Indians cruise in 64-0 rout

By Grant Guggisberg

TOPEKA — It may have been homecoming at Topeka West on Friday night, but the purple-clad fans in attendance didn’t have much to cheer about.

Manhattan scored 37 points in the first quarter and its defense allowed just 69 yards to the Chargers’ offense, which turned the ball over four times in the first half and struggled with snapping the ball much of the night.

“I was worried about the frame of mind that my kids were in,” MHS coach Joe Schartz said. “But we caught some breaks early and got off to a quick start and it snowballed from there. Overall it was a very successful night.”

Topeka West got legitimately close to scoring just once all night, picking up a fumble by Manhattan’s Michael Leeper and driving to the 24-yard line in the third quarter. But the Chargers were driven back from there, losing 8 yards on a Joseph Galvan run on third down before turning the ball over on a 3-yard sack on fourth down.

For Topeka West, the game was over long before the third quarter.

On the first play from scrimmage, Topeka West fumbled the exchange between quarterback Christian Brooks and Dezmon Walker. Manhattan took over and scored three plays later. On the next drive, Topeka West went three-and-out and attempted a punt, but fumbled the snap, giving Manhattan another short field and another easy score.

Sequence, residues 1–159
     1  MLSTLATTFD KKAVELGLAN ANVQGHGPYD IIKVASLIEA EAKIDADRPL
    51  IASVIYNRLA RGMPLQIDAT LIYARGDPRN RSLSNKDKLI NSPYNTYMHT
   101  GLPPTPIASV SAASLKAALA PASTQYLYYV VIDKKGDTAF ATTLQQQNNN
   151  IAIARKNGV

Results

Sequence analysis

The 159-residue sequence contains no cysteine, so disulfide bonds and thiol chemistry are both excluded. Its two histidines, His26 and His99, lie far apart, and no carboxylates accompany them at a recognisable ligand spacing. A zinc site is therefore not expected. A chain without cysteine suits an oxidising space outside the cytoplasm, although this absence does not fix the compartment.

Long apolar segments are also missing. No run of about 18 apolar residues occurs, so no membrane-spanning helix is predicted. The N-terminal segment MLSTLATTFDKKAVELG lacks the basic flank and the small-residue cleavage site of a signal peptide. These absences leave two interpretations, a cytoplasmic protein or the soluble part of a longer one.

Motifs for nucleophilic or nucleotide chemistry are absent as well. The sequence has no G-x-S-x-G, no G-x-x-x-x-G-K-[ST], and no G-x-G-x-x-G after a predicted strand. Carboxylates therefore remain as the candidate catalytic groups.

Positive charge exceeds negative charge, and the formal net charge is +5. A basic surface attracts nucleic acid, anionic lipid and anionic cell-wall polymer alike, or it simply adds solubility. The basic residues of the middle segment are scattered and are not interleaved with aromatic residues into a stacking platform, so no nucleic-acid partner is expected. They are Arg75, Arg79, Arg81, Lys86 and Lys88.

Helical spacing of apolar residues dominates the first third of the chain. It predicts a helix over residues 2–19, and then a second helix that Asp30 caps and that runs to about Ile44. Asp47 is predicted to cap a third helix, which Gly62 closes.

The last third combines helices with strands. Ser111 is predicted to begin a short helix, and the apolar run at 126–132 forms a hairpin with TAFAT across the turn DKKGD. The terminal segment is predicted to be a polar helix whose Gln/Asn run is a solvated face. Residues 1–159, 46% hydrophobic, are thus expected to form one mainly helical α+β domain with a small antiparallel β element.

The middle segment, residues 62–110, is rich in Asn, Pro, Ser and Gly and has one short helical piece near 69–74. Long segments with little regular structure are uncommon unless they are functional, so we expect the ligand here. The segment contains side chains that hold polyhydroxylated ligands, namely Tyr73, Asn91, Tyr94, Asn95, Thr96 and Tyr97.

Just like that, Manhattan had a two-score lead with 9 minutes to play in the first quarter.

“I think it has everything to do with one bad thing happening and then it just piles on top of each other,” first-year Chargers coach John Tetuan said. “We put our heads down and lost focus — and all of those things aren’t anything Manhattan did. We don’t have to help them out — they’re a good football team. We found a way to give them every chance they possibly could have tonight.”

Topeka West had little chance of producing much against the Manhattan defense, but was even more handicapped by the absence of Montoy Perry, the Chargers’ top rusher, who didn’t play because of what Tetuan called “disciplinary reasons”.

For Manhattan, a vanilla offense that ran the ball on all but one play was plenty against the Chargers, putting up 329 yards on the ground and scoring at will, even when the second and third strings took over.

Darian Taylor got the starting nod at quarterback with Jacob Holloway still out with a leg injury, though Taylor only got one quarter. From then on, it was Kellen Myers at quarterback, with Josh Mullin, Jacob Harden and Michael Leeper getting the bulk of the carries at running back.

Schartz said he expects to have Holloway back at next week.

“Jake is progressing nicely,” he said. “I think he’ll be healthy for next week’s game.”

At the end of the day, the lopsided win for Manhattan on homecoming night may have been a foregone conclusion, but both sides exhibited good sportsmanship. There wasn’t any extra shoving or unnecessary roughness called.

“The officials did a nice job of working the clock, and I was proud of our kids and their kids,” Schartz said. “Everybody was very respectful and showed good sportsmanship. And in games like this, it’s an opportunity for the younger kids to play and get some experience, and I was pleased with that.”

For Tetuan and the reeling Chargers, finding a competitive spark is key going forward.

“We’ve got to keep plugging away and find a fire in us — that pride inside of us,” Tetuan said. “You can’t play football without a little fire and pride and caring about what you’re doing, and right now, at least tonight, we didn’t have that.”

Manhattan hosts Shawnee Heights next Friday in a final tune up before district play starts.

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